2016 dating site in luxemburg
Revolutionary actions were foreseen but without date.
But as these commandments and justifications were exceedingly numerous, complicated, and often obscure, the needs of popular guidance called into existence a class of men whose special occupation was to study and expound the Law.This description doubtless applies to the subsequent scribes of that period.They were pious men who through love of the Divine law occupied themselves in collecting, editing, and studying the sacred literature of the Hebrews and in explaining it to the people.The earliest mention of the title occurs in I Esdras, vii, 6, where Esdras is described as a "ready scribe in the law of Moses ".What this meant is set forth in verse 10: "For Esdras had prepared his heart to teach in Israel the commandments and judgment".(Greek grammateis, nomodidaschaloi , teachers of the law).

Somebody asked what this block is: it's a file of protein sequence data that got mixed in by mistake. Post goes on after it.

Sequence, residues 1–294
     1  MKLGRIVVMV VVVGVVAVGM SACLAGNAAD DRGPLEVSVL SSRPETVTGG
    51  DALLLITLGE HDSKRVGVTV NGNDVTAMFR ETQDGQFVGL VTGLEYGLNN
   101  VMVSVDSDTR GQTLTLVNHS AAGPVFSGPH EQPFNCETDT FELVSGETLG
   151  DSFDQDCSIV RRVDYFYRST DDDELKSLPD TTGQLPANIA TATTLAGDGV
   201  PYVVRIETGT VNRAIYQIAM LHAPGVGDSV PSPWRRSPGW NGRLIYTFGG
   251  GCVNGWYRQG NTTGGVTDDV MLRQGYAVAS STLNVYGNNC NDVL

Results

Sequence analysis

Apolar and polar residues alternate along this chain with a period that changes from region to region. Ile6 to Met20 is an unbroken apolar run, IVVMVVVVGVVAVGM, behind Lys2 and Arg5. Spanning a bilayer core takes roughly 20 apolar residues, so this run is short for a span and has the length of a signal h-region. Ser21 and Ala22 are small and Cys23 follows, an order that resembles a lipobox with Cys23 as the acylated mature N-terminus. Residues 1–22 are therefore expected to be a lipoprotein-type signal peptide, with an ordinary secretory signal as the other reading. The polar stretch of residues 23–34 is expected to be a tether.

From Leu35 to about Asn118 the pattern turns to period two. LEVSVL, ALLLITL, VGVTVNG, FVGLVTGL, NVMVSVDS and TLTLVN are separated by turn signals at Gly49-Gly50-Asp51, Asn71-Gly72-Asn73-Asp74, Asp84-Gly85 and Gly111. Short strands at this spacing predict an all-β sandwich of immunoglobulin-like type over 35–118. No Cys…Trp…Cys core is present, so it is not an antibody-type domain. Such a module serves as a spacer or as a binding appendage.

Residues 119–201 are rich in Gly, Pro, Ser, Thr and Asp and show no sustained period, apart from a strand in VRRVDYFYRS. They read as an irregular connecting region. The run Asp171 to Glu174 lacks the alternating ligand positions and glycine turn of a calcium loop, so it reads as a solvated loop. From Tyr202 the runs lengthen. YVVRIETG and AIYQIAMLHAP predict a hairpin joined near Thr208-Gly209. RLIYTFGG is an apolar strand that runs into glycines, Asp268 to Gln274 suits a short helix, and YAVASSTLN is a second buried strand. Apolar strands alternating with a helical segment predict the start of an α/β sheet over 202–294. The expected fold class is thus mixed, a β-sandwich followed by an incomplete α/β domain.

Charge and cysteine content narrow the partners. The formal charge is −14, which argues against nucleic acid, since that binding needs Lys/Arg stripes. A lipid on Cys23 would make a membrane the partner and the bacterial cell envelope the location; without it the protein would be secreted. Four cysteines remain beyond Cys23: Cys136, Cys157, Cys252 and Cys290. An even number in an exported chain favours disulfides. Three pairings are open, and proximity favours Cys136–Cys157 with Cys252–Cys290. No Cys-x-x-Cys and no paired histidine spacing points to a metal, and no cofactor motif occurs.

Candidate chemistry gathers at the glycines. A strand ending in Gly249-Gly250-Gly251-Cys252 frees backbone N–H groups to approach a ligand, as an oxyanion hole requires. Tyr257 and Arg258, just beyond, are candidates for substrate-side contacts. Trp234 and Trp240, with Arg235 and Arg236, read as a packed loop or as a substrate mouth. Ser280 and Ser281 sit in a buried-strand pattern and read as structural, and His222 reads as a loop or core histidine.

In the New-Testament period the scribes were the professional interpreters of the Law in the Jewish synagogues.
The origin of the profession dates from the return of the Captivity, and its subsequent growth and importance resulted naturally from the formal and legalistic trend of Jewish piety during the post-Exilic period.
The Law was revered as the precise expression of God's will, and by its multifarious prescriptions the daily life of every pious Jew was regulated in all its minute details.
Together with the written precepts it constituted the perfect rule of conduct which every Jew should follow.
But while the scribes devoted their chief attention to the Law, both written and oral, they also elaborated in fantastic and arbitrary fashion, teachings of an edifying character from the historical and didactic contents of the Old Testament.
Under the Asmonean rule they became the leaders of the new party of the Pharisees, and it is with the latter that we find them associated in the New-Testament records.